No one can hold that in their hands and pretend it's not money. The illusion is destroyed on contact.

fockewulf190's picture

Picked up more phyzz over the weekend.  Happy everytime I can trade pieces of paper for solid hard assets.  I´m pretty much counting on having to burn through a good portion of my stack in order to get through the Great Reset, so I doubt there will be much left for any beneficiaries...especially since no western government has any idea of what to do when the derivatives time bomb blows the entire worlds economic system apart.  I´m expecting draconian this and Mad Max that, mixed with terrible suffering for billions.  I really hope I´m wrong, but seeing that Obama is out playing more golf than ever, I´m going to keep stacking.

TheGardener's picture

Gold is a daring bet.

Like a return to a gold standard.

Like a return to morals and such.

Like a return to monarchy.

Spungo's picture

Don't let rose color glasses fool you about the gold standard. The gold standard had a lot of problems. Being tied to hard assets can cause financial gridlock during periods of recession. Fiat currency is far superior as long as inflation is kept low. The reason the US dollar is dying is because the government and fed refuse to admit there is inflation. In the 1970's, the calculation for inflation included housing prices. Houses going up 10-20% per year was a sign of extremely high inflation. Since about 1980, they've stopped including house prices and only look at rent prices. This hides a huge amount of inflation. They're also ignoring all of the inflation in the stock market.

donsluck's picture

"as long as inflation is kept low" now there is the rub. It is the reason fiat always fails, and gold/silver has survived as money for thousands of years.

fockewulf190's picture

Every single fiat currency that ever existed has gone to zero.  Gold and silver are still around.  If you were to find some Reichsmarks in an old shoebox, they may be interesting to look at, but are essentially worthless.  Find some gold dubloons in an old ship wreck, your going to party your ass off.

Soul Glow's picture

Fiat currency is far superior

The definition of fiat means "by decree".  So you are saying that it is best to use a standard of time/value "by decree" than one which holds tangible value?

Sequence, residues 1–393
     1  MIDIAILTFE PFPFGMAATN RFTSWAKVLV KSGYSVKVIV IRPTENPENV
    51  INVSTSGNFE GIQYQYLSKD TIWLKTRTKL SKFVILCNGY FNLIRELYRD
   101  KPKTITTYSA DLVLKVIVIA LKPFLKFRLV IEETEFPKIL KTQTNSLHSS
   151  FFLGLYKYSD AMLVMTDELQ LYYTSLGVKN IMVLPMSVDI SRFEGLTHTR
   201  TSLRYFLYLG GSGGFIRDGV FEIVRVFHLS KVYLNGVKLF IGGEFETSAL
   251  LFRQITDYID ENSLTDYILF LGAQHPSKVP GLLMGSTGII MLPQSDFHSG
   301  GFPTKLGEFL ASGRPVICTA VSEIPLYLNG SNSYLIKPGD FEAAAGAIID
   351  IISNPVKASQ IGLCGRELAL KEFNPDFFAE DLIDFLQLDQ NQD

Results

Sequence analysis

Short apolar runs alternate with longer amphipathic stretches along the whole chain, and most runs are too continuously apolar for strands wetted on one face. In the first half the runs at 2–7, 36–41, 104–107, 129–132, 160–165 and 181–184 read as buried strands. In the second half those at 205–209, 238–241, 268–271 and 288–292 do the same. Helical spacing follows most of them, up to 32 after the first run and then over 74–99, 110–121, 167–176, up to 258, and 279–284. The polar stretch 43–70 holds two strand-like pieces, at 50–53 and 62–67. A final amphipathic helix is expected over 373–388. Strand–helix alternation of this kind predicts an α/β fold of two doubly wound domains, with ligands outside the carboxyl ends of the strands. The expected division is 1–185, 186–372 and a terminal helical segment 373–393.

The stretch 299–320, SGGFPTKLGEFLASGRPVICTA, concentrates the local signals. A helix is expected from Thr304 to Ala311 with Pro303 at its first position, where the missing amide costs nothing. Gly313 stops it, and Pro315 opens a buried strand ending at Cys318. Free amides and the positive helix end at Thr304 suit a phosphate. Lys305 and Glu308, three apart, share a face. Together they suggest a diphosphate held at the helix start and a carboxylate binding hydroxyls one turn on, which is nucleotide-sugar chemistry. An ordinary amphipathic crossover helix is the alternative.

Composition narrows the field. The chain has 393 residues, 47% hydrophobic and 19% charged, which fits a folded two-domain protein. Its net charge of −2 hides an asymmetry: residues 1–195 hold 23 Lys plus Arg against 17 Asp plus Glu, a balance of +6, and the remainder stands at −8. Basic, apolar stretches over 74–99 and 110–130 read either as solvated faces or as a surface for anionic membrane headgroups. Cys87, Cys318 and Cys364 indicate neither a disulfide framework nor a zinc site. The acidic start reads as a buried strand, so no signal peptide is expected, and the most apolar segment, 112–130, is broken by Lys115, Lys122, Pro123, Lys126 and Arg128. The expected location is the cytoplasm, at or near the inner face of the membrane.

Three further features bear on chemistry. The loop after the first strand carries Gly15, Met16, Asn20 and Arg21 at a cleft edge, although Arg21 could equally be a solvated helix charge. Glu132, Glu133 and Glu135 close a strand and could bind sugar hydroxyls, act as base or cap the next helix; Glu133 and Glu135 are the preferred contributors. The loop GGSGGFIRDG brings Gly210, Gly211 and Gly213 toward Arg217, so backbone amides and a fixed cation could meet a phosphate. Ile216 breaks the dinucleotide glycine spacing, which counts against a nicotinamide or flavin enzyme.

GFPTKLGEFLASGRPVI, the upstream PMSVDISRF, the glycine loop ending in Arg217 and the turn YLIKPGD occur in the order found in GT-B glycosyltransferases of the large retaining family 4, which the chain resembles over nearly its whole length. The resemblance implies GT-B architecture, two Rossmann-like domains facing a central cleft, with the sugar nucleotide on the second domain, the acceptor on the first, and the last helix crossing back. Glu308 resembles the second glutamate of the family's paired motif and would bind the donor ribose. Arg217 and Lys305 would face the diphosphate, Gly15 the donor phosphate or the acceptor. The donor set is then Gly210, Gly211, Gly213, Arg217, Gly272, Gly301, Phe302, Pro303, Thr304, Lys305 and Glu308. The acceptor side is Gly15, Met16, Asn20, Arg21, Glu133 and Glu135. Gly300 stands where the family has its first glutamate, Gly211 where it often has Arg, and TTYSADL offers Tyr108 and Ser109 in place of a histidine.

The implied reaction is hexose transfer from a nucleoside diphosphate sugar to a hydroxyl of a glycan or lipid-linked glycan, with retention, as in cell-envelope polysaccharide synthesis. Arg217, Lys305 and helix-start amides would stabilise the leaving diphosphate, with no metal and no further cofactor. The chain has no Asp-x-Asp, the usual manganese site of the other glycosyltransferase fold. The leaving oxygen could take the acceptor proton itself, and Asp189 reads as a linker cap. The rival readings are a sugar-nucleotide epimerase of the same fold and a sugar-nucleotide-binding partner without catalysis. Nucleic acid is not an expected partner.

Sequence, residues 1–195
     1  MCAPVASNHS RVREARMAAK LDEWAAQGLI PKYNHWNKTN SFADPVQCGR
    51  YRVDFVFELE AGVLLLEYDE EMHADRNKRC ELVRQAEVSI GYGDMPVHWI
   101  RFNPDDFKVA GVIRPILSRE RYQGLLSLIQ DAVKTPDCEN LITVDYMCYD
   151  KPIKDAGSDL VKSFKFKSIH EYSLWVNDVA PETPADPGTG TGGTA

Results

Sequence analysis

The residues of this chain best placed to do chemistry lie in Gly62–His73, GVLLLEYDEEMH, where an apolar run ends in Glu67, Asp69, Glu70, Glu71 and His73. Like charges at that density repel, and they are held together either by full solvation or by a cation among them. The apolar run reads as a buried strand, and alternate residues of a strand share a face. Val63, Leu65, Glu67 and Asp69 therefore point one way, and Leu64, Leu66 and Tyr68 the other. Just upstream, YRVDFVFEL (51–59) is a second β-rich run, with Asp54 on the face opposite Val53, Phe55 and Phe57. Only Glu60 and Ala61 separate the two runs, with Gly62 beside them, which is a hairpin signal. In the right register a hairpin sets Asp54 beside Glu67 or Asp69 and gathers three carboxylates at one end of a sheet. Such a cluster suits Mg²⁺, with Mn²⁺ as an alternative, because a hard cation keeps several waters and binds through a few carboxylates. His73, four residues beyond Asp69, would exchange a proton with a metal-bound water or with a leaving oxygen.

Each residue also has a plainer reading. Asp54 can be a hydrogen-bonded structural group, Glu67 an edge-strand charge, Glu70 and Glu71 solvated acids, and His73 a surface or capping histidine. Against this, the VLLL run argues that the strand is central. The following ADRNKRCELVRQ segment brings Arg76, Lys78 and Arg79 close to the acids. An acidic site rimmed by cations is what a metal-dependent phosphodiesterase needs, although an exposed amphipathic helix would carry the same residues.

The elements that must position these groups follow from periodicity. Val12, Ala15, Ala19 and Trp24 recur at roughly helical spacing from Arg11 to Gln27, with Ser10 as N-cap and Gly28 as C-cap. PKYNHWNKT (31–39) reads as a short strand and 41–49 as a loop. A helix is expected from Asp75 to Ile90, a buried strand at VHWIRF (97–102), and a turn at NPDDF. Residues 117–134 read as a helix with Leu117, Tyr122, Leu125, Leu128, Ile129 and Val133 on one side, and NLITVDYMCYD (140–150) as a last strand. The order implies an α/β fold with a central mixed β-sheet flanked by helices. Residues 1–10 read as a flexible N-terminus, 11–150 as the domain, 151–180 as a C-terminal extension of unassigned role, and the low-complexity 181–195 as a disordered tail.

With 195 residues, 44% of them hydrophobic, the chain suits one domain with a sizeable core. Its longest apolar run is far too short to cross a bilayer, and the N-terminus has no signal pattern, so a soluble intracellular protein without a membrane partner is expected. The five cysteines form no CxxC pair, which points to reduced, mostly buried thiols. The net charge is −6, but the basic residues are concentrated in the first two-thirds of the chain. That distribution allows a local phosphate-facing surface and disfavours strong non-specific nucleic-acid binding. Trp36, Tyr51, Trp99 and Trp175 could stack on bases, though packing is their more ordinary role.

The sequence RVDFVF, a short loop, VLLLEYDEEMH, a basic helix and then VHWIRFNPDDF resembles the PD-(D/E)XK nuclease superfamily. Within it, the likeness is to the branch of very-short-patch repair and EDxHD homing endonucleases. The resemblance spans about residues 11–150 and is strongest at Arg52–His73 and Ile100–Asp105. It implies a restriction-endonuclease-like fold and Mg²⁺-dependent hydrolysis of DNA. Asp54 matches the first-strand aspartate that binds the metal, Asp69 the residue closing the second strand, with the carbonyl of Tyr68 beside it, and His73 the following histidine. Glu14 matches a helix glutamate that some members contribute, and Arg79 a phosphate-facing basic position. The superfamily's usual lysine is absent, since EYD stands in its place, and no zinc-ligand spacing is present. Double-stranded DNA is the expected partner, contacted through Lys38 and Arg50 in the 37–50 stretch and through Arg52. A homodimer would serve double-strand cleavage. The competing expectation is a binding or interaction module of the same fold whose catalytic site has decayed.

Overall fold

What if someone came to your bank and said "all of the units you are using to measure wealth are no longer of value".  How would that make you feel?  Because that would be done by decree, as such with the value of fiat currency.

MeelionDollerBogus's picture

periods of recession are shorter & less intense under a hard asset system.
Making liquidity scarce at those times is good & proper: it's what actually stops misallocation of wealth & permits savings to rebuild.
Permanent liquidity is actually bad for the economy. Gridlock is a solution, not a problem, because it's infrequent. It's like your immune system: it attaches to invaders & stops them. Permitting them full access would make you ill or dead. That's what we got now. No immune system, fiat liquidity is no-holds-barred, no immune system, no way to recover from illness.

Fiat currency guarantees inflation is not low: stating it's fine as long as inflation is low is like saying nuclear bombs are fine for keeping warm as long as you don't go critical.

Canadian Dirtlump's picture

Gold is proven. Like the faith you have in shaving companies because the hair on men's faces is always growing:



Deo vindice's picture

Aren't you supposed to put warnings on pictures that can frighten children (in this case, maybe even adults)? ;-)

fockewulf190's picture

My dog barked and left a pile after seeing that.....thing.